Mumbai is known as the city of dreams. The place where you can see the stars of Bollywood roaming around in their fancy cars and businessmen like Ambani who are living life king size. But behind all this bling, there lie the common people of Mumbai whose life begins with the local trains and sometimes ends with it too.

The Instagram account 'everydaymumbai' shows us the city which never sleeps in an entirely different angle.

Kids dipping in the Banganga water tank in Walkeshwar

The way to the Andheri railway station platform

A crowd walking down the stairs to a platform at Andheri railway station facing another crowd who just had just reached the station. Second part of my day to day series Commuting Mumbai. 4/10. Mumbai, India. 17th March 2016. While I am in Mumbai to work on one main documentary project and some other stories I have been using Mumbai's public transports everyday. Around 1 million people a day travel by the local train in Mumbai. To take the local train is an unique experience in several ways, different people, different faces, different shapes, a big and "calm" chaos and there is also a big contrast to the metro Mumbai which is even more organized than London's Undergroud. This difference, from the train where everything is possible to happen to the metro where people even queue more organized than European do, for instance, it tells a lot about India. This series is also about me commuting Mumbai everyday for the past month and half and about my experience of "living" here for this time. #everydaymumbai Photo & text @josesmatos

A photo posted by EverydayMumbai (@everydaymumbai) on

Using a discarded helicopter in the right way

Children playing at Versova beach

Lovers at Marine Drive

A group of people working before sunrise

A man sings in a Borivali local train as his daughter watches

An artist painting a portrait of Bal Gangadhar Tilak

A Kalakaar just knows his art as his religion

Nafees Ahmed, 63 | Jamli Mohalla He patiently chiseled the wood with finesse as I watched him at work. His steady hands belied his age. 'Everything is made by hand', he said. I looked at the miniature Hindu Temples that were strewn across his workshop, which was an entirely a family affair ( next to him is his youngest son ). His family has been 'woodcarvers' for many generations now. His great grandfather came to Mumbai from Aligarh with only his Art to depend upon. 'This Karkhana is his Legacy ' he says and is proud that his children will carry the torch once he is done with his tools He isn't least bit bothered about carving Hindu temples, although being a Muslim. He is philosophical about it, commenting 'A Kalakaar just knows his art as his religion'- and smiled. How true was he saying that! A simple and honest man is always at an arms distance from the politics of Religion. Let us learn from these Artists like Nafees. Let us be Respectful towards fellow HUMANS , above all Mumbai, you have hidden gems in you. #mumbai #everydaymumbai Photo @peoplemumbai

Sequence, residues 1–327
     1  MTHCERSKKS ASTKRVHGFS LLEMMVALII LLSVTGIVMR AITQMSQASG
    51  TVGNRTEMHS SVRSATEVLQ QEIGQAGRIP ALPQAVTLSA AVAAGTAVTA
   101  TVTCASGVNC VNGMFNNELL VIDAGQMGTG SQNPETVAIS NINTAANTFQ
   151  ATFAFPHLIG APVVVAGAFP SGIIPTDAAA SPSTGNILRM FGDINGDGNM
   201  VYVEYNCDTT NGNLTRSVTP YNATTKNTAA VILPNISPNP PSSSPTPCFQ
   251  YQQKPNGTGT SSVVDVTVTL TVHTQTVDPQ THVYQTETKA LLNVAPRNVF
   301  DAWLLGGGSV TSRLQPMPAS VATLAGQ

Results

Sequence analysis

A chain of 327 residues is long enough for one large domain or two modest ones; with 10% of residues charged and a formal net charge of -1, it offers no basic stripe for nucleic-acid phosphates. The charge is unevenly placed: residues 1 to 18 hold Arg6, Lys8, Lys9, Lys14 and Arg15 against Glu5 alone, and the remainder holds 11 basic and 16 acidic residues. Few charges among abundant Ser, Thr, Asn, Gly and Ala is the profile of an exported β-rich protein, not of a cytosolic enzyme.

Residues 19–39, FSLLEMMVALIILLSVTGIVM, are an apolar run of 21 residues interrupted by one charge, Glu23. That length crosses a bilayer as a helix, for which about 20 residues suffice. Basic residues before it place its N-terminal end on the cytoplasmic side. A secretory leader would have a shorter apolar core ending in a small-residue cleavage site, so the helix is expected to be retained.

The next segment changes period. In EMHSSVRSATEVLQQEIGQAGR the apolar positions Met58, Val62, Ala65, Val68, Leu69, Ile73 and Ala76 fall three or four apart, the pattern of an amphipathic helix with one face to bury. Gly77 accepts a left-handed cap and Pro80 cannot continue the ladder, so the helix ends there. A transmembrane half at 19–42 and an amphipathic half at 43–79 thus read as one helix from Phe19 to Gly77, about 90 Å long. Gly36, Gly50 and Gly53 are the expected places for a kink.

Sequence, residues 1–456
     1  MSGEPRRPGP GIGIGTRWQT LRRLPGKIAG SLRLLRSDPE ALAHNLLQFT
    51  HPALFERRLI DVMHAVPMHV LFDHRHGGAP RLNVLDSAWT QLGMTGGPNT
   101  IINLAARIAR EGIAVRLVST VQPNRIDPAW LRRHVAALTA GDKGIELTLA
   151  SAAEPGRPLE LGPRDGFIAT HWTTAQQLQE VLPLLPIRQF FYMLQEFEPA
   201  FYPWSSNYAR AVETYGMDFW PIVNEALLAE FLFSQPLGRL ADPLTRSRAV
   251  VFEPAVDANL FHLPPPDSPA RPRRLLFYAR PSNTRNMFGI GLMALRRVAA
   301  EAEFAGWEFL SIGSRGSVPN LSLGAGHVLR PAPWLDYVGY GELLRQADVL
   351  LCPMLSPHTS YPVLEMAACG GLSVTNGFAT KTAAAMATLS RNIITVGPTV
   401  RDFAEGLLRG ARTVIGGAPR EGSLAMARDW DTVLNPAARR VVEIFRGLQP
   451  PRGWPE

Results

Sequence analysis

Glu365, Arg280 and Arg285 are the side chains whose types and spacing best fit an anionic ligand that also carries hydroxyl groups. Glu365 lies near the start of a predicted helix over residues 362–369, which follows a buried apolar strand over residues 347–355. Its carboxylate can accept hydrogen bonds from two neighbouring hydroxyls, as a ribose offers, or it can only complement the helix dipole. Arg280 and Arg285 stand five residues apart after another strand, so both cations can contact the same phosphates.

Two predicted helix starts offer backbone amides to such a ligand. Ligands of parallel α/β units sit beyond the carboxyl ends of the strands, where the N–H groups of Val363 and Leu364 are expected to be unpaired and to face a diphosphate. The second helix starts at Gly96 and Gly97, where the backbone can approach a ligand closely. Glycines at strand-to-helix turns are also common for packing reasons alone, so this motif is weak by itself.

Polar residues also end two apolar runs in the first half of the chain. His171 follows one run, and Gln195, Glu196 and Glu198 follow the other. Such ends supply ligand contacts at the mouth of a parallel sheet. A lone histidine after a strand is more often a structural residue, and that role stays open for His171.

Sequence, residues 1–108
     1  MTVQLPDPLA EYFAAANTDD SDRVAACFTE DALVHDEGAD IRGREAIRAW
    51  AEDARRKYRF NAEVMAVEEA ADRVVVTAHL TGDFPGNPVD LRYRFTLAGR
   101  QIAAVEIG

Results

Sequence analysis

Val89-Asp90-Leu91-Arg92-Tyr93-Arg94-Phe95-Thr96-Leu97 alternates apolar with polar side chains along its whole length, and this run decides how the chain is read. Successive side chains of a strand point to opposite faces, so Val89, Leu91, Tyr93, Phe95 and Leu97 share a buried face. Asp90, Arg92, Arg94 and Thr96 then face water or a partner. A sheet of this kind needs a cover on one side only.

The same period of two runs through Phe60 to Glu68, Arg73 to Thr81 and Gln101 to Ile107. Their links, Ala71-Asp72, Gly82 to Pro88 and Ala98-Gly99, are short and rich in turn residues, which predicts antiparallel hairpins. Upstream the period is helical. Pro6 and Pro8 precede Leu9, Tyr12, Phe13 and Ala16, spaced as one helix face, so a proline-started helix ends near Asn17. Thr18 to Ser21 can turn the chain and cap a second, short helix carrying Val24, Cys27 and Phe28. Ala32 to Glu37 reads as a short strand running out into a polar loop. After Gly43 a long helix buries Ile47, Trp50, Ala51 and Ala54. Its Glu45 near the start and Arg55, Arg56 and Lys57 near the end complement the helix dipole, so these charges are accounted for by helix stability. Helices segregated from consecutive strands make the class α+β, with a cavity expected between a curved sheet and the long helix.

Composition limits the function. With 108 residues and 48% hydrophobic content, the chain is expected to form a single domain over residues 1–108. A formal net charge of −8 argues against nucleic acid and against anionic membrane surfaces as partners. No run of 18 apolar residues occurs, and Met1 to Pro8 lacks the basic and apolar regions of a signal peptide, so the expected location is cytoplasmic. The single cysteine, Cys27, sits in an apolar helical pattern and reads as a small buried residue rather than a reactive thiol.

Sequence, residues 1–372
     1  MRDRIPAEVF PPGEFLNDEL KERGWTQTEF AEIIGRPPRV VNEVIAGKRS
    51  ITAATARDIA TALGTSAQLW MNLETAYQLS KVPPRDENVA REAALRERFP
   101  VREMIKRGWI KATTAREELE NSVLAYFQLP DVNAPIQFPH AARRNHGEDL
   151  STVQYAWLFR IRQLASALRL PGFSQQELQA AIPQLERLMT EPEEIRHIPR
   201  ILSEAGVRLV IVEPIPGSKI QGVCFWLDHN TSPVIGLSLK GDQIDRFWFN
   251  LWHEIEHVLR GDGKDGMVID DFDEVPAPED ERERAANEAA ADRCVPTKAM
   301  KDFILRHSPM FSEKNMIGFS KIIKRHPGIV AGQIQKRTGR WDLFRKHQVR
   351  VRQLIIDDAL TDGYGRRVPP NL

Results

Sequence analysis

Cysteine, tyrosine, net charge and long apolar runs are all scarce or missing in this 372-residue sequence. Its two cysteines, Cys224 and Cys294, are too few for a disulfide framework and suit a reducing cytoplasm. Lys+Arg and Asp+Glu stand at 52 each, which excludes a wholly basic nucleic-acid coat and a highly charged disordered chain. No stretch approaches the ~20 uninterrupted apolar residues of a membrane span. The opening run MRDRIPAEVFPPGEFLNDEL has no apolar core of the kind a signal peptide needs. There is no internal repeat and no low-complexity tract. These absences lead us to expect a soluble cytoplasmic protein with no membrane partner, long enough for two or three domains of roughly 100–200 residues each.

A photo posted by EverydayMumbai (@everydaymumbai) on

A boy pretends to smoke as a train passes by

A typical Wednesday night in Mumbai

It's Ram-Leela time

You can see hope in those eyes

A jam session at Mahim beach stretch

The view from the top

Kids play near a decommissioned aircraft carrier

The cross-over bridge near Mahim railway station

An participant at the pride parade

The famous Gateway of India

Yeh hai Mumbai!